A Trip to Occupy Wall Street

The whole world’s watching.
The whole world’s watching.

I exited the Cortland Street subway station, and was almost immediately sucked into a mob of people. Race, religion, political party… you name it. And they were walking right past me, carrying signs or chanting phrases of disapproval. The Occupy Wall Street protests were in full swing that breezy night as the moon, the skyscrapers, and apparently the “whole world” watched. 

Well. Might as well join them.

Two of my friends and I quickened our pace to keep up with the crowd. Journalists intermingled amongst what could have been businessmen and women to homeless hippies. A person walked by with a sign for the Tea Party, while an “End the War” poster grazed my shoulder. It was cramped and the police began closing in, urging participants towards a nearby sidewalk.

All night, all day – Occupy Wall Street!
All night, all day – Occupy Wall Street!

Now I can’t tell you what the #Occupy movement is going to do… if it’s going to do anything. But it has certainly gotten people talking. Blogs are a buzz, news websites have stepped up coverage, and senators are making statements. So then again, I suppose that’s something.

A few weeks ago, the same could not be said. News stations had attempted to avoid coverage of these events. After all, who are they owned by? Yes, very large and powerful media conglomerates, which is exactly what’s being attacked. And politicians wrote off the grassroots movement as a war between classes. But slowly, and then quite surely, downtown Manhattan turned into a constant parade of voices.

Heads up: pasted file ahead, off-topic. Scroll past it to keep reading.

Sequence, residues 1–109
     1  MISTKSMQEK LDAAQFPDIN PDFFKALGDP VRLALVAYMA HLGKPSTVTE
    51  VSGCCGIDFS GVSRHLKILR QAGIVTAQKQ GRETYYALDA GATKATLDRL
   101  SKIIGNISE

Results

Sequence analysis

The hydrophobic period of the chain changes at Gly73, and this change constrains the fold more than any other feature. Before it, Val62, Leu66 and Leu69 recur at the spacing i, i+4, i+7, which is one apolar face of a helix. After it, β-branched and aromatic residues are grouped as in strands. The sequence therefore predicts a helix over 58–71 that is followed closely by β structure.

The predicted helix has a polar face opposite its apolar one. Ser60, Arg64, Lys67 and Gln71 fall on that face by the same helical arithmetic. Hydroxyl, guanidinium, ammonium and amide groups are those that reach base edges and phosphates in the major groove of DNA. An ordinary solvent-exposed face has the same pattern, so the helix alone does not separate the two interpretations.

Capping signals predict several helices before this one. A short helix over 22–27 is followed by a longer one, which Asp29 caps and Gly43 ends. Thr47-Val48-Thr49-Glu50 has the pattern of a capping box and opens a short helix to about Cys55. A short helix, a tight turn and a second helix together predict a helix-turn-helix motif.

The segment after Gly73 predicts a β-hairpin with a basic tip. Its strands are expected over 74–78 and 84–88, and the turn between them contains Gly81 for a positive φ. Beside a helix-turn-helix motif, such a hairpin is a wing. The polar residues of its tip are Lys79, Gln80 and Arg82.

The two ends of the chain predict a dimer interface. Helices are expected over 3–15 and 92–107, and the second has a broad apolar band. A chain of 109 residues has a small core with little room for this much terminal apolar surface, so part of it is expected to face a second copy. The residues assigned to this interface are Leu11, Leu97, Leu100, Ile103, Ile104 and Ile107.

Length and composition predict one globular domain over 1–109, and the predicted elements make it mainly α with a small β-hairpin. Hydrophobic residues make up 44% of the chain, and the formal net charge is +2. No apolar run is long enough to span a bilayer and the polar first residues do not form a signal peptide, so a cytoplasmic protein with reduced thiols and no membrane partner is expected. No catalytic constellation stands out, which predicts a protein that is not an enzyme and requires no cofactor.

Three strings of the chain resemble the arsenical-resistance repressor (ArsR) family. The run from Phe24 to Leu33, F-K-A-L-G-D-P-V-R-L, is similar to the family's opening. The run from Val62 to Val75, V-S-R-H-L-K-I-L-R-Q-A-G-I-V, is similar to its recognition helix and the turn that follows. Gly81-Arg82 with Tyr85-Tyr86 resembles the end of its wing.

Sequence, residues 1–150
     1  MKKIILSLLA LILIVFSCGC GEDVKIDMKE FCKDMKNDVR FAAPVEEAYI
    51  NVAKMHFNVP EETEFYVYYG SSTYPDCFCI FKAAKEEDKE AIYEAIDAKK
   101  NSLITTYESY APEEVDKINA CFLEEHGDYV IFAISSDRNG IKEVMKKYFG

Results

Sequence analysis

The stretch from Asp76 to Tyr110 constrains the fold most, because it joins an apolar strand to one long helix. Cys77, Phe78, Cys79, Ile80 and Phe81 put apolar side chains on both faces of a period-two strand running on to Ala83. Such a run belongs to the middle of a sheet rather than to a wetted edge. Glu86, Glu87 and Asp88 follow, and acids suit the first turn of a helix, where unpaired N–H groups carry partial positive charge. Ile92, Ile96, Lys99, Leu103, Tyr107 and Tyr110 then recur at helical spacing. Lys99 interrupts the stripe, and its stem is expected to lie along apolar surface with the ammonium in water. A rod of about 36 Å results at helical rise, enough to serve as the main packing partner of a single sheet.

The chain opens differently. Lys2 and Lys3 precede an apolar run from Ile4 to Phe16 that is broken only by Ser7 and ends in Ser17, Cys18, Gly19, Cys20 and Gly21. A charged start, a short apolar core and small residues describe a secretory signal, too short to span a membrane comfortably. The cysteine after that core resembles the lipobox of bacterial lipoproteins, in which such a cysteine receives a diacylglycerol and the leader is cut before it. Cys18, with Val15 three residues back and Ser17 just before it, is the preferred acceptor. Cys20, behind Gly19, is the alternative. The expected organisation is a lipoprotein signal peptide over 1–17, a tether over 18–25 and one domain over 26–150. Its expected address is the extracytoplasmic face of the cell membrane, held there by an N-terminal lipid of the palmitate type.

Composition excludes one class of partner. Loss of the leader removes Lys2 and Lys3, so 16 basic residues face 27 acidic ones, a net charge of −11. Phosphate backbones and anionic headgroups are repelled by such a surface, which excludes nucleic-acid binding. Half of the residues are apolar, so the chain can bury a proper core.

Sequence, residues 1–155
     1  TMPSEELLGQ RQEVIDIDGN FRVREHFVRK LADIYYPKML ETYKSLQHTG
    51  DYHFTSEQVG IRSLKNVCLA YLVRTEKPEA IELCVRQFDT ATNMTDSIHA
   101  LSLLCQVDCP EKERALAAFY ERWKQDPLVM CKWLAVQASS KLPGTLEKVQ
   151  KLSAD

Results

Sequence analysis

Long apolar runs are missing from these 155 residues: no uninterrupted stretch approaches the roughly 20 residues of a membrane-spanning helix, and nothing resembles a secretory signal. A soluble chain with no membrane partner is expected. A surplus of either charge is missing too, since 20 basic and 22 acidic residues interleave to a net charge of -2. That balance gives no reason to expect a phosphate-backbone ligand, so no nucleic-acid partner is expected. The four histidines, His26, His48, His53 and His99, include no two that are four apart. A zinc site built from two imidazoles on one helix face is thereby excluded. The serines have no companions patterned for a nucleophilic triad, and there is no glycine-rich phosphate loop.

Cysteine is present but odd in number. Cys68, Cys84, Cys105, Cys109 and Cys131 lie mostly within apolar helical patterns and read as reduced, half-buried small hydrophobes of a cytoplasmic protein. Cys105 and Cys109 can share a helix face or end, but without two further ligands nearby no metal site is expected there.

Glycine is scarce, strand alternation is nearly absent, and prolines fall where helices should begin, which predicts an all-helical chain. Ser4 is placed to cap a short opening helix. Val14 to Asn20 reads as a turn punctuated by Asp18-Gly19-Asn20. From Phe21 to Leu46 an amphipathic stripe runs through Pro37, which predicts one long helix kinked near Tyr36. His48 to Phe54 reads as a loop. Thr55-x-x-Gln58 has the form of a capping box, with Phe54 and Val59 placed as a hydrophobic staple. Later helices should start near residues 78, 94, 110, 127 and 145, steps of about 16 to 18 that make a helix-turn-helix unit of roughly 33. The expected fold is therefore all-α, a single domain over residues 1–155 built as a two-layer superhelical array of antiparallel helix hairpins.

And they are angry.

I suppose what fascinates me most is not the political cause, or even the surprising numbers of participants; it’s the people themselves. Their diversity and passions are so extreme, so bipolar! Yet they all seem to have something to say. The general unrest from a brutal economic summer was so prevalent, it was almost tangible…  and now something has sparked. A small explosion of ideals and philosophy has led to hundreds of cities starting their own movements, which now extend to every continent except Antarctica.

So what is this going to achieve? I couldn’t tell you. Are there radicals from both parties surrounded by moderates and independents protesting? From what I saw, yes. Should people be allowed to protest? I would certainly hope so (Democracy?). Can my generation stop being called apathetic? To soon to tell… or maybe I don’t care about the answer (ba dom - ching!). Will this end relatively peacefully? Fingers crossed. Do people hate this movement? Yes, and they should be allowed to. Do people love this movement? Yes, and they should be allowed to.

Because thank God, above all else, we are allowed to speak and think and act for ourselves. Now someone cue “Proud to be An American…”